KRWC Welcomes Charleston Horticultural Society

The Kiawah River Wildlife Conservancy recently hosted the Charleston Horticultural Society for a “walk and talk” covering pocket gardens and the management of Kiawah River’s natural spaces. Jeff Snyder, resident biologist and Chief Environmental Officer, led the group through the community, stopping at several places to discuss how he manages the land to keep Kiawah River as natural as possible. Under Jeff’s care since 2000, the land has been preserved and prepared for Kiawah River living. Jeff, along with the developer, has worked to restore and enhance the Kiawah River environment, demonstrating a commitment to protection and stewardship of the land.

The first stop on the tour was a large live oak surrounded by an orange safety fence. Jeff explained that this tree had been permitted to be removed because it was in such a poor state of health, even though it measures 105” and Charleston County prefers to preserve grand oak trees if they can. But Jeff saw the potential in the tree and, along with the support of The Beach Company, took measures to save the tree. As a result, the tree is now flourishing and will be a focal point in this developing part of the community. Construction will take place safely around the tree and the park and paths will be put in place to highlight this tree and encourage residents to enjoy its beauty for years to come.

Next up was a pond tucked into an undeveloped part of the community. It looks undisturbed, surrounded by spartina grass and birds wading along the banks. But Jeff has put a lot of work into making this pond appear so natural. In 2008, a $2 million wetland restoration was initiated, draining down six interconnected saltwater impoundments, excavating channels in ponds and installing rice gate structures to control water flow. Additional investment was made on natural saltwater vegetation such as black needle rush and spartina for pond buffers. As a result, the saltwater fish and wildlife habitat is thriving today. We continue to partner with DNR to protect and enhance the fish population in surrounding estuaries.

At our next stop at Sea Island Park, we spotted a mature Roseate Spoonbill (identified by its darker pink-colored plumage). Jeff discussed how he has seen an increase in the number of mature Spoonbills in Kiawah River, thanks to the habitat improvements made in the community. Soon, he believes, we’ll start to see nesting Spoonbills—which we currently don’t see in South Carolina. But the creation of more of these habitable environments is likely to encourage just that.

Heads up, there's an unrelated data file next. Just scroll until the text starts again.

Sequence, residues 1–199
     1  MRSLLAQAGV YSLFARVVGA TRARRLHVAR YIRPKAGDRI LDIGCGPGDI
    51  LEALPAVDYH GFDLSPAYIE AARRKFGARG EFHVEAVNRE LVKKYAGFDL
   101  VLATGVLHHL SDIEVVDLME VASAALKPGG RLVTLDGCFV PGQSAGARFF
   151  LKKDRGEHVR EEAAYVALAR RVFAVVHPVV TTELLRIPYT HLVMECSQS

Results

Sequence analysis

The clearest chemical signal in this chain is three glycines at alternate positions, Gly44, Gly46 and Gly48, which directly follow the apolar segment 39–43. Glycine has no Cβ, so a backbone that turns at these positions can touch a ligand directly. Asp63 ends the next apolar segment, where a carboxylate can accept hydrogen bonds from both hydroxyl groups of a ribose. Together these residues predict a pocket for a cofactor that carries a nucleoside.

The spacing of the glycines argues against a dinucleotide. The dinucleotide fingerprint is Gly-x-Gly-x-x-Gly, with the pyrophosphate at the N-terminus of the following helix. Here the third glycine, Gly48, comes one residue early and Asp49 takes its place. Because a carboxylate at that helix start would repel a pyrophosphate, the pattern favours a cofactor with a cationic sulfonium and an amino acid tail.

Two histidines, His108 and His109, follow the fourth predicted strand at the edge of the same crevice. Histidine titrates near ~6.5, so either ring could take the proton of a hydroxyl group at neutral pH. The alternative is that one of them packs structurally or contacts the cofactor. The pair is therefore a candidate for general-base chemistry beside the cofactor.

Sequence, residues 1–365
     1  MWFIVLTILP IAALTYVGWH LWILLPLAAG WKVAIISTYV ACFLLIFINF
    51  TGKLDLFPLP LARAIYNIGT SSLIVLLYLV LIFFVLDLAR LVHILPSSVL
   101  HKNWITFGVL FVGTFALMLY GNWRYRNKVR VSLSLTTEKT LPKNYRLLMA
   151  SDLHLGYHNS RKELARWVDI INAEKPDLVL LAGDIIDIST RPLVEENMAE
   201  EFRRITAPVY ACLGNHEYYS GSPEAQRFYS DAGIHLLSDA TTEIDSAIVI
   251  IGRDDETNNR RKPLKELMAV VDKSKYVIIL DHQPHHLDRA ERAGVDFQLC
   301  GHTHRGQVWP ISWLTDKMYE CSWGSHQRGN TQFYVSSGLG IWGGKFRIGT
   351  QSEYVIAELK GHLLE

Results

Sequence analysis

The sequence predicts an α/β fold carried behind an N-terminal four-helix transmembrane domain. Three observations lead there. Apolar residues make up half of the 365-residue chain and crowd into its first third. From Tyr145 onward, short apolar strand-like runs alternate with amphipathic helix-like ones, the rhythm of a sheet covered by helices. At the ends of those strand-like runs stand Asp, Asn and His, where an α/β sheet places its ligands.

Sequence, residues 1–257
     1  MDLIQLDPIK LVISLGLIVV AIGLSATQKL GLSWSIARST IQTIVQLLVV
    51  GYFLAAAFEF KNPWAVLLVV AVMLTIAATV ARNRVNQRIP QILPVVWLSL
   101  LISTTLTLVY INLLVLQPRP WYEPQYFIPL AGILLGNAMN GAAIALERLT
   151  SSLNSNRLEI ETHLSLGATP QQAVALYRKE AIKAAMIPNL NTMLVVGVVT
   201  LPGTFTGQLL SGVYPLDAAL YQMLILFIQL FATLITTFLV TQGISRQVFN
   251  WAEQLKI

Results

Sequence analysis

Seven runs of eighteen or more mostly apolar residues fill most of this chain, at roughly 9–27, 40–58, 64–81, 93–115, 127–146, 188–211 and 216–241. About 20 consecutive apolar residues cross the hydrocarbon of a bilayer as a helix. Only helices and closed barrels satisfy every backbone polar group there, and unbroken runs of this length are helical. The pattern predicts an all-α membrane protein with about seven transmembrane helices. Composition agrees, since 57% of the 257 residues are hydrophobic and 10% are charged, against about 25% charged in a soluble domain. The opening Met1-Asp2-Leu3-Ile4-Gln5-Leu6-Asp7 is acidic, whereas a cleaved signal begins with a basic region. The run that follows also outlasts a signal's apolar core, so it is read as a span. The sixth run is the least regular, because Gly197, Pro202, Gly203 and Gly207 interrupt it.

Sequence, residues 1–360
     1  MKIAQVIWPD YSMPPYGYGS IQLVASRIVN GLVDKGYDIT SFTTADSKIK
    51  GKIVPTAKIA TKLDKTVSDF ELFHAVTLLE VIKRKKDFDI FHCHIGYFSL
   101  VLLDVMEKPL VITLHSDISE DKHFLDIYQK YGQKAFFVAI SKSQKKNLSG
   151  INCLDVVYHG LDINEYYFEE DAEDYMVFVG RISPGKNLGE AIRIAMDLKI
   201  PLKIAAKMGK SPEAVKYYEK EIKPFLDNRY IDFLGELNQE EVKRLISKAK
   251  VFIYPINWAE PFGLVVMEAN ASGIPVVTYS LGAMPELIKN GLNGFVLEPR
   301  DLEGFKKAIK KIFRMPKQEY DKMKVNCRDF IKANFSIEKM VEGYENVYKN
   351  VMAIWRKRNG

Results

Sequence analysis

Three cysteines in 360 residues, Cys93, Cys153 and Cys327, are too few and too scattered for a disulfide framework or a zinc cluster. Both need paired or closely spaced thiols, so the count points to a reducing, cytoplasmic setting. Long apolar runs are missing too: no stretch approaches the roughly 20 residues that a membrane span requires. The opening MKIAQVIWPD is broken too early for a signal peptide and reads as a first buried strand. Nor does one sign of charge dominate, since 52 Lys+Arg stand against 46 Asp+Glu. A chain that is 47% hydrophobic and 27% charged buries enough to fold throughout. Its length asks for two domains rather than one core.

As we wind through the trails, Jeff points out one of the two eagle nests that are in the community and tells us that the two nests have supported 30 years of baby eagles. He talks about all the “invisible” improvements he makes to promote the healthy habitat: stocking ponds with tilapia and grass carp to keep the water clean and balanced, digging out dikes and deepening the water when time and budget allows.  

Kiawah River has committed to keeping the community at 51% greenspace. For example, several “pocket parks” are located throughout neighborhoods. These are planted with pollinator-attracting plants, but also left natural in spots to preserve the integrity of the land. There are plenty of “travel corridors” that connect people and wildlife to parks and waterways throughout the property. These are largely left as natural as possible—grassy paths, for example, that are maintained for foot and golfcart traffic but not destroyed. 

It was a pleasure to hear Jeff explain what steps he’s taking to foster the natural habitat at Kiawah River and to see his ideas come to fruition. We look forward to seeing what his next project will be.